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February 1, 2011 > Welcoming the New Year

Welcoming the New Year

By Jessica Noel Waymire

One of many differences between eastern and western culture is the way in which we measure time. In western culture, the Gregorian calendar, based on the solar year, is used. Cultural groups in the east, such as those in Asia, follow a calendar based on the cycle of the moon. While those in the west have already marked the turn of their calendar to a new year, those in the east are just beginning to prepare for their celebrations.

The new lunar year, often referred to as the Chinese New Year or the Spring Festival, falls between late January and early February. TET is the Vietnamese version of New Year celebrated at the same time as Chinese New Year. In 2011 the new lunar year begins on February 3. In China, Vietnam and many Asian countries, this holiday holds more significance than Christmas, and is celebrated accordingly with family gatherings, the exchange of gifts, feasting, and parades.

Preparation for Chinese New Year begins with a thorough cleansing of the home. This readies the house for anticipated guests, as well as the hoped for good luck of the New Year. Any debts owed are repaid and past offenses are forgiven. New clothing and a fresh hair cut are also included in getting ready for the festivities. The home is decorated with flowers, and banners are hung with wishes for good luck and prosperity.

The eve of the New Year is spent with family. A large meal, prepared over a few days, is served to family members. Dishes that represent good fortune are served, such as fish or chicken. Depending upon the regional culinary preference, dumplings may be served, or rice cakes, or long noodles which are left uncut and are said to represent a long life. At midnight, firecrackers are lit and a lion dance may be performed. The lion is traditionally viewed as a protector and wards off negativity and unwanted spirits.

On New Year's Day, it is proper to pay respect to one's ancestors. In the home and in the temple, the scent of incense rises with prayers for good health and blessings. Family visits and community socializing are common. Offerings of red envelopes filled with money are given to younger relatives and children. These little envelopes are called lai-see in Cantonese or hong bao in Mandarin and represent wealth and prosperity for the coming year.

The festival lasts for almost three weeks and each day has a different focus. The second day is a day for couples to visit the wife's family. The seventh day is considered "everyman's birthday," when everyone ages another year, rather than celebrating individual birthdays. The celebration winds down about two weeks later with the Lantern Festival. The community gathers together, children included, and parades through the streets carrying illuminated lanterns. This takes place on the first full moon of the New Year.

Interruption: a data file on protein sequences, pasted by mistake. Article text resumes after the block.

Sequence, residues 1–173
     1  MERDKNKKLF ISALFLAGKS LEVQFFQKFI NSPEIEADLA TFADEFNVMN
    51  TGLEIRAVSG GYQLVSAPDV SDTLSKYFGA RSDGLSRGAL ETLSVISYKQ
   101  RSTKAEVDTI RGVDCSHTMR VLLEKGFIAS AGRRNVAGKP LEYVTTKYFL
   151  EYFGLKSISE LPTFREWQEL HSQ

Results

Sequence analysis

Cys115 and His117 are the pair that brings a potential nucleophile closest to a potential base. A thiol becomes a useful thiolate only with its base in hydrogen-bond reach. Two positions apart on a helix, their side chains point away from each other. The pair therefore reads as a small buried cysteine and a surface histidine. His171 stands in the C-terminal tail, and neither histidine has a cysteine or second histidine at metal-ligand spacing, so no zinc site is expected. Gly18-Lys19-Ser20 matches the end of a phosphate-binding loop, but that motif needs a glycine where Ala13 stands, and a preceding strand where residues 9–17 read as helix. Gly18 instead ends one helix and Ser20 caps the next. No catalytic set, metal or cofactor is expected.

The Lunar Calendar is divided into 12 parts, each represented by a different animal: rat, ox, tiger, rabbit, dragon, snake, horse, sheep, monkey, rooster, dog, and pig. The approaching New Year will bring us into the Chinese Year of the Rabbit. Vietmanese symbolism is similar; 2011 will be the Vietnamese Year of the Cat. Those born in the Chinese year of the rabbit are considered to be reserved, kind, lucky in finances, and well spoken, among other qualities. Cat qualities include a calm demeanor and consideration of others especially family and friends.

There are a number of celebrations occurring around the Bay Area in honor of the Lunar New Year. A Vietnamese New Year celebration, billed as "the largest Vietnamese New Year TET festival overseas" will take place in San Jose February 5th and 6th. For those who would like to celebrate and learn more about Chinese New Year, Fremont Main Library is hosting a Chinese New Year festival on Saturday, February 12 including stories, dance, music, marital arts demonstrations, and arts and crafts. Both events are a wonderful opportunity for the whole family to learn about and celebrate Lunar New Year.

Vietnamese Tet Festival $
Saturday & Sunday, Feb 5-6
11 a.m. - 12 p.m.
Santa Clara County Fairgrounds
344 Tully Road, San Jose
(408) 295-9210

Chinese New Year Celebration
Saturday, Feb 12
1 p.m. to 4 p.m.
Fremont Main Library
2400 Stevenson Blvd., Fremont
(510) 745-1421

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